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Time Management

Business Management Daily provides time management training that can help you and your office operate more efficiently

We report on time management skills that can dramatically cut down on wasted time during work hours. These techniques will help you get more done at work – and get you home on time.

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To feel fulfilled and productive at home and in the office, you need a strong work-life balance. Here are some time-management tips to help you achieve it.
Better manage your task list and save time by converting emails to tasks. Microsoft Outlook and the Touchdown app both offer conversion features.
Overcommitting spreads you too thin and diminishes what you are able to contribute to the organization. Use these tips to say “No” more often.
Many of your patterns and habits aren’t helping you become more efficient or successful. Here are tips on thriving in a to-do list-dominated world.
Even if you’re not a chronic procrastinator or someone who’s easily distracted, you can probably think of plenty of tasks you don’t like to do because they’re tiresome. Still, you have to get them done, so find a better way to complete them with these tips from EZ-PR founder Ed Zitron.
Stay focused and make the most of each moment you spend in the office with these tips.
Just like the internet, dealing with your email can waste lots of time. Keeping a clear inbox allows you to address only recent emails without sifting through piles of old ones.
Just a few months into the year and you’re already playing catch-up? It’s not too late to make 2014 the year you start successfully managing your schedule. Here are five tips from time management expert Patricia Hutchings.
Make a list of five reasons why you need to travel, and contrast those against five ways in which you would benefit by traveling less or not at all.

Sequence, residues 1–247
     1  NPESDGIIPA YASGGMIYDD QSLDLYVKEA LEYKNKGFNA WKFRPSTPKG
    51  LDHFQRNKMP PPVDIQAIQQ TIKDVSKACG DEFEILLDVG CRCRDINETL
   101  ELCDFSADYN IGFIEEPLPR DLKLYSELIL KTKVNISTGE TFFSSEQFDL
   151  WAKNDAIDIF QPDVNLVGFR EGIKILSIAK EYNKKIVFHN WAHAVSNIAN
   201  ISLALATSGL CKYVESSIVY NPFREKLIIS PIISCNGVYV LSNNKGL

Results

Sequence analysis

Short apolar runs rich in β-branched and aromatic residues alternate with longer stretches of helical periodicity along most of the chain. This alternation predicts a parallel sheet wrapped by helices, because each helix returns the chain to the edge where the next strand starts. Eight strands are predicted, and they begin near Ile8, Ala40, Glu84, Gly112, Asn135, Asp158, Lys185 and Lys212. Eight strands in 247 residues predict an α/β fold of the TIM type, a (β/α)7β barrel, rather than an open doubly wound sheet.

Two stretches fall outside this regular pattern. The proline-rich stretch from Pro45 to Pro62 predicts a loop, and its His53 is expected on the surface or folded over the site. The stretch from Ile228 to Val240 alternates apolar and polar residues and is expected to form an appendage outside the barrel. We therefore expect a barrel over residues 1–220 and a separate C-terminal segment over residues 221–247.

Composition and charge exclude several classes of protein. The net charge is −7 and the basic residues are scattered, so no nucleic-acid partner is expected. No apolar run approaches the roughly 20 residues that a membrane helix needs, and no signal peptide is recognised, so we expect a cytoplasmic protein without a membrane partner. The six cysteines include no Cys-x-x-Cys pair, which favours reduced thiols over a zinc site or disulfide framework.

Just because they’re often hailed as productivity tools doesn’t mean smartphones are always helpful. How do you draw the line between what’s helping and hurting? Some experts offer their take on the issue.

If your inbox is always overstuffed and you feel overwhelmed, you’re probably not get­­ting everything done, says Eliza­­beth Grace Saunders, founder of Real Life E Time Coach­­ing & Train­­ing. Here's what you should be doing instead:
When employees complain that they have too much work to do or that they’re wasting time on meaningless tasks, do your best to eliminate unnecessary jobs. However, also establish a plan for how employees will use the newfound time—so that they aren’t wasting it.
Learn how to budget your cognitive resources with these tips from Harvard economics professor Sendhil Mullainathan.
Next time someone asks you, “When can you have this done?” resist the understandable temptation to blurt out the earliest, and possibly unrealistic date.
Any conviction you have when starting work on a project fades fast when word of a deadline extension comes through. The same problems you had the first time around loom even more the second time ...
The growing use of tablet computers and other personal technology has led to a slew of productivity apps for busy professionals. Ironically, the proliferation of so many timesaving tools is making people less efficient.

To take control of your calendar and get more done, The Daily Muse co-founder Alex Cavoulacos recommends you start by asking yourself five questions so you can build a vision of your ideal week.

Plenty of people lie to themselves about their own productivity—many without even knowing it. IDoneThis’ chief creative officer, Janet Choi, has some tough love to help you get honest with yourself.
The world is moving fast these days and employees need to get a lot done while maintaining focus and accuracy, writes Anita Bruzzese, who offers four things to remember to help you be more present and productive at work.
The most common distraction from work is nonwork-related chats, followed by Internet searches and loud co-workers, according to a new CareerBuilder.com survey of nearly 4,000 workers. Here’s the complete list of what’s eating into productivity.
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